DAUK Film Night: Abortion Helpline, This is Lisa
May 7, 2021 online
Poignant, Compelling, Beautifully Produced
In collaboration with the DAUK Women’s Caucus and DA Global Women’s Caucus
Commentary: John Oliver offers his succinct take on how TRAP laws are so at odds with most Americans’ views:
Issues at stake
Women’s Reproductive Rights and Healthcare, Women’s Right to Choose,
More About The Film
The Film Night
Join us for the screening of the short documentary Abortion Helpline, This is Lisa, and a conversation with Barbara Attie, its award-winning director. Take this opportunity to engage in a timely discussion of key, pressing issues facing American women: the unrelenting struggle to secure the basic rights to exercise control over their own bodies, health and choice whether to have children.
DA and DAUK members who have played leading roles on advocating and working on these issues will lead the after-screening discussion.
About the film
In this award winning documentary, we are in the room with counselors for a Philadelphia helpline that offers financial support to cover abortion costs. We hear them responding to the nonstop calls from women and teens who seek to end a pregnancy but cannot afford to do so. We hear the anguish of women explaining the situation they face and the lack of alternatives available to them. And we become aware that the sheer lack of funds often means help is not available.
Terminations are time-sensitive: they are not only more risky, traumatic or complicated as time advances, but also more costly if there is a delay.
This short documentary shines a light on how economic inequality, the corresponding lack of access to reproductive healthcare and cruel legislation determine women’s right to choose.
In awarding the Grand Jury Prize for Short Films at the AFI DOCS 2020 Film Festival, the jury wrote: “For its simple yet profound approach to a polarizing issue, we have selected a film which puts humanity ahead of an agenda.”
What are the restrictions women face?
The Supreme Court’s 1973 landmark decision in Roe v. Wade protected women’s ‘liberty’ to have an abortion without excessive government restriction under the ‘equal protection clause’ of the XIV Amendment.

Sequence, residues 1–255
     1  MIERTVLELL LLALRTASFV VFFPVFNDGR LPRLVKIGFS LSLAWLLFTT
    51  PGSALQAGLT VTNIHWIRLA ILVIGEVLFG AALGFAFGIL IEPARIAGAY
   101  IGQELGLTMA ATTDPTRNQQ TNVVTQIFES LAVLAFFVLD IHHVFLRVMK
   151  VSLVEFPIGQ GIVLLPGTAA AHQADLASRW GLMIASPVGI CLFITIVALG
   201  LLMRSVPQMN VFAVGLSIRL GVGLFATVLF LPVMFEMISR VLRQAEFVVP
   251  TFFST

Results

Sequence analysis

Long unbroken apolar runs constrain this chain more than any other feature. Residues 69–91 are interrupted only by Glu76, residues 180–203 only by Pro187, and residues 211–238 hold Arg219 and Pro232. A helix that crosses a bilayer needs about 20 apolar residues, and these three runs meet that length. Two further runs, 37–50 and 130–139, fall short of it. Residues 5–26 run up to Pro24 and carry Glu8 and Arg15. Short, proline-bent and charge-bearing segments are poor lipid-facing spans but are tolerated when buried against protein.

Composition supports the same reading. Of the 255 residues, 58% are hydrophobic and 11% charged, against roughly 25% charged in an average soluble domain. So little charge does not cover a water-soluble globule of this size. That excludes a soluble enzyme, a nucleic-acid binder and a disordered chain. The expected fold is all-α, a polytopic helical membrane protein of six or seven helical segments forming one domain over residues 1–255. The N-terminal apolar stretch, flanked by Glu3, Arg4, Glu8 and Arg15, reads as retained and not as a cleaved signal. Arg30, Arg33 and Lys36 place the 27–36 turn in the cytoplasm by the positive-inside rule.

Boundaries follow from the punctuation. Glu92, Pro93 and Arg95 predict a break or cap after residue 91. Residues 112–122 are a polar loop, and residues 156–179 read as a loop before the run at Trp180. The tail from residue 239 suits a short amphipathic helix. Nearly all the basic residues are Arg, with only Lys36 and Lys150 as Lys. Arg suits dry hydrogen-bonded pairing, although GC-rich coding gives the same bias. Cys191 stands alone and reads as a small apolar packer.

Nevertheless, as we all know, women’s rights and access to abortion and contraception have been relentlessly contested at both national and state levels. The 1976 Hyde Amendment blocks the usage of federal funds to pay for abortion except in cases of rape, incest, or when the pregnancy endangers the woman’s life. This severely restricts coverage of abortion under Medicaid and other federal programs. Under the Affordable Care Act there is no requirement for healthcare plans to cover abortion provision.
It is at the state level that detailed restrictive strategies are developed and enacted in order to create major financial and practical obstacles. In many states such as Texas, insurance policies for public employees follow Hyde restrictions. In our screening of Trapped we saw how targeted laws were enacted to force the closure of abortion providers by imposing medically unnecessary and very burdensome standards for their physical plant, equipment and staffing under the guise of enshrining ‘high clinical standards’. Currently six states, Kentucky, Mississippi, Missouri, North Dakota, South Dakota and West Virginia have only one abortion clinic in the state.
Republican state lawmakers continue to prioritize restricting all pro-choice rights. In the first two months of 2021, eight abortion restrictions and bans have already been enacted; in Kentucky there is an initiative to change the Kentucky constitution to explicitly exclude abortion rights.